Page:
Dr. Smith. It seems to have steadied them 
— to have given them wise rules of Hfe that 
have taken the noise out of them, and left 
them undemonstrative, quiet, determined. 
You will have little difficulty, as a rule, in 
picking out Dr. Smith's men, whether in the 
pulpit or in private. They have his mark, 
as the Rugby boys were marked by Dr. 
Arnold, Even in speaking of him, they 
seldom talk in superlatives : only a light 
comes into their eye, and you realize what a 
well-founded reverence is. I met lately in 
London an Irishman who, when the conver- 
sation turned to Scotland, asked what Edin- 
burgh was doing without Dr. Smith (who 
was in America at the time). He talked 
with such obvious knowledge of Dr. Smith's 
teaching, and with such affection for the man, 
that by and by we were surprised to hear 
that he had never heard him preach nor read 
a line of his works. He explained that he 
knew intimately two men who looked upon 
their Sundays in the Free High, and still 
more upon their private talks with the min- 
ister, as the turning point in their lives. 


They were such fine fellows, and they were 
so sure that they owed their development to 
Dr. Smith, that to know the followers was to 
know something of the master. This it is to 
be a touchstone to young men. 

There are those who think Dr. Smith the 
poet of higher account than Dr. Smith the 
preacher. I do not agree with them, though 
there can be no question that the author of 
" Olrig Grange " and Mr. Alexander Ander- 
son are the two men now in Edinburgh who 
have (at times) the divine afflatus. "Surface- 
man " is a true son of Burns. Of him it may 
be said, as it never can be said of Dr. Smith, 
that he sings because he must. His thoughts 
run in harmonious numbers. The author of 
"Olrig Grange" is the stronger mind, how- 
ever, and his lines are always pregnant of 
meaning. He is of the school of Mr. Lewis 
Morris, but an immeasurably higher intellect 
if not so fine an artist : indeed, though there 
arc hundreds of his pages that are not poetry, 
there are almost none that could not be re- 
written into weighty prose. Sound is never 
his sole object. Good novels in verse are a 


mistake, for it is quite certain they would be 
better in prose. The novelist has a great 
deal to say that cannot be said naturally in 
rhythm, and much of Dr. Smith's blank verse 
is good prose in frills. It is driven into an 
undeserved confinement.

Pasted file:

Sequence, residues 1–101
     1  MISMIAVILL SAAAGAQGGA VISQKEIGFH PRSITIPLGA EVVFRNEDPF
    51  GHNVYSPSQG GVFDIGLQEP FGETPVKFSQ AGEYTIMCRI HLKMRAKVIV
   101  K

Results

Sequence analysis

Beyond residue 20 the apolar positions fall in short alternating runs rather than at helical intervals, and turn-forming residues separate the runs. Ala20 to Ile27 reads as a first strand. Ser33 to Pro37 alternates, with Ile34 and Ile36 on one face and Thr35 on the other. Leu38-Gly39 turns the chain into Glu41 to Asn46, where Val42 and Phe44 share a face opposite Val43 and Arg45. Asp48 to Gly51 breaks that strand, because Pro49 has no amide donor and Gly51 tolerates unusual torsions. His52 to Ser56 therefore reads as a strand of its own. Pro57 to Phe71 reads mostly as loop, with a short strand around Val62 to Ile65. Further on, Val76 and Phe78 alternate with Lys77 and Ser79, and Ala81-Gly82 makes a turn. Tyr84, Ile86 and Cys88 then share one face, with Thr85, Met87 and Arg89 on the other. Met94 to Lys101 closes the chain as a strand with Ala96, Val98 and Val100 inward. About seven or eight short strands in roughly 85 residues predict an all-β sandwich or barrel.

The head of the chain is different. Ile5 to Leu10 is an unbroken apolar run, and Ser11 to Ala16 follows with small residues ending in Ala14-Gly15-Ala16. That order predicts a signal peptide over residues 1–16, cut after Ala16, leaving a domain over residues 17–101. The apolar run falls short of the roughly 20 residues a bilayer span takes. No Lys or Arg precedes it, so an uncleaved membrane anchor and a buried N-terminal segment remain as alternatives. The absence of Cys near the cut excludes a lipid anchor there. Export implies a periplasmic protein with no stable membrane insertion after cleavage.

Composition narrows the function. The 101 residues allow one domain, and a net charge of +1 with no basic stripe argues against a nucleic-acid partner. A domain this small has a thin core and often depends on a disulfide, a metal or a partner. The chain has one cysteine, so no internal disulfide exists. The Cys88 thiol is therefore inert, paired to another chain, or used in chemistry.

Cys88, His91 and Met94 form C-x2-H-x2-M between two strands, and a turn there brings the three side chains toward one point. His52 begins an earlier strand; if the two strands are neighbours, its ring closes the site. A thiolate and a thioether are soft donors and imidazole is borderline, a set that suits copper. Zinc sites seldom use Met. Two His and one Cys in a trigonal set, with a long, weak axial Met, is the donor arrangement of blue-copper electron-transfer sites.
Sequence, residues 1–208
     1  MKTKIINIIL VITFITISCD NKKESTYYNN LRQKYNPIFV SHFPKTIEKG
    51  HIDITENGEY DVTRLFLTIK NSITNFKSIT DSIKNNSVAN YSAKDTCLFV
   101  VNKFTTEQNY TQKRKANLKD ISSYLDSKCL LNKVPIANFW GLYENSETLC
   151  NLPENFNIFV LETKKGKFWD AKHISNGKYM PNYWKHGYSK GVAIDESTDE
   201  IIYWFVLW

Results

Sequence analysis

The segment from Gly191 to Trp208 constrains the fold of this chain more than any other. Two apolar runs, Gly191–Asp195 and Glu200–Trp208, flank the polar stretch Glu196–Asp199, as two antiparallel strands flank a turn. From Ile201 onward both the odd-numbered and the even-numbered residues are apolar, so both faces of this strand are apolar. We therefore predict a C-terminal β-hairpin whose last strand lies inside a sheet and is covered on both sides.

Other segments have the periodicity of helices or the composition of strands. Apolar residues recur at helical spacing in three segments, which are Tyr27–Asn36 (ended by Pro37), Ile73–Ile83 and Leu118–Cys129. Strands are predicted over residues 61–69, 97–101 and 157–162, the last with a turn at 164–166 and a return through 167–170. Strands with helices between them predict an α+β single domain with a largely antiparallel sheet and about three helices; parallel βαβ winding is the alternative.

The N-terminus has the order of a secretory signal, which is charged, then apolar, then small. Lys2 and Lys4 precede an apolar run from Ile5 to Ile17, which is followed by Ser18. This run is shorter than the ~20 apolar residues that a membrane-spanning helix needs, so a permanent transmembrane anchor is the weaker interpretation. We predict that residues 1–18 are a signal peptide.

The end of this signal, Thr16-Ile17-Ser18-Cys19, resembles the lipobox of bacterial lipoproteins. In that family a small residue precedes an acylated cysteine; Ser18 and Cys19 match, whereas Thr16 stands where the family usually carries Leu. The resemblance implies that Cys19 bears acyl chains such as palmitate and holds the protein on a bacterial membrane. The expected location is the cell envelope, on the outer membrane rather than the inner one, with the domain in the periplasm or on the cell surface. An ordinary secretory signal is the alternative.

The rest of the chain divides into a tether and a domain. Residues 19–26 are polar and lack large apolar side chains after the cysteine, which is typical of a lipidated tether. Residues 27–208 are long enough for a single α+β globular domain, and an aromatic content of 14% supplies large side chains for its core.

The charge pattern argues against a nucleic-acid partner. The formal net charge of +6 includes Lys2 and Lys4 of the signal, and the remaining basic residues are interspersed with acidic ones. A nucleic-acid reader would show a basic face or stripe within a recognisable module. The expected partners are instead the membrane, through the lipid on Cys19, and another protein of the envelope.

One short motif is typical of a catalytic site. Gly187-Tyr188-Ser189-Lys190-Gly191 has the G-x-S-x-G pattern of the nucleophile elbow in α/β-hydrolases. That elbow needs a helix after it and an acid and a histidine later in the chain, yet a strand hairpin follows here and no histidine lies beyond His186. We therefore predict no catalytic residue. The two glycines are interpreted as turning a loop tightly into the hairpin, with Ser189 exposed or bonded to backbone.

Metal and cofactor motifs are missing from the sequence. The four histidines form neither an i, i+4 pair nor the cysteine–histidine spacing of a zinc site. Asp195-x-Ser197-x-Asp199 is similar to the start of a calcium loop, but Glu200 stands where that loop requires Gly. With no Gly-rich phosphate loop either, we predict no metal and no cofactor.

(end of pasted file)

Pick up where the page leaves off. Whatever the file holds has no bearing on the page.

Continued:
The privilege of critics is to get twelve or 
twenty minor poets in a row, and then blow 
them all over at once. I remember one who 
dispatched Dr. Smith with a verse from the 
book under treatment. Dr. Smith writes of 
a poet's verses : " There is no sacred fire in 
them, Nor much of homely sense and 
shrewd," and when the critic came to these 
lines, he stopped reading : he declared that 
Dr. Smith had passed judgment on himself. 
This is a familiar form of criticism, but in 
the present case it had at least the demerit of 
being false. There is so much sacred fire 
about Dr. Smith's best poetry, that it is what 
makes him a poet ; and as for *' homely sense 
and shrewd," he has simply more of it than 
any contemporary writer of verse. It is 
what gives heart to his satire, and keeps him 
from wounding merely for the pleasure of 


drawing blood. In conjunction with the 
sacred fire, the noble indignation that mean 
things should be, the insight into the tragic, 
it is what makes " Hilda " his greatest poem. 
Without it there could not be pathos, which 
is concerned with little things ; nor humour, 
nor, indeed, the flash into men and things 
that makes such a poem as " Dr. Linkletter's 
Scholar " as true as life, as sad as death. If 
only for the sake of that noble piece of 
writing, every Scottish student should have 
"North-Country Folk" in his possession. 
The poem is probably the most noteworthy 
thing that has been said of Northern Uni- 
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Rev. W. F. Slater, M.A. ■ 

Rev. Walter C. Smith, I 

Rev. James Stalker, IiLA 

W. T. Stead. 

Ro'oert Louis Stevenson. 

Amiie S. Swan. 

Rev. John Thomas, D.D. 

Rev. R. A. Watson, M.A. 

Rev. A. Whyte, D.D. 

Prof A. S. Wiikins, LL.D, 

Rev. W. Wright, D.D.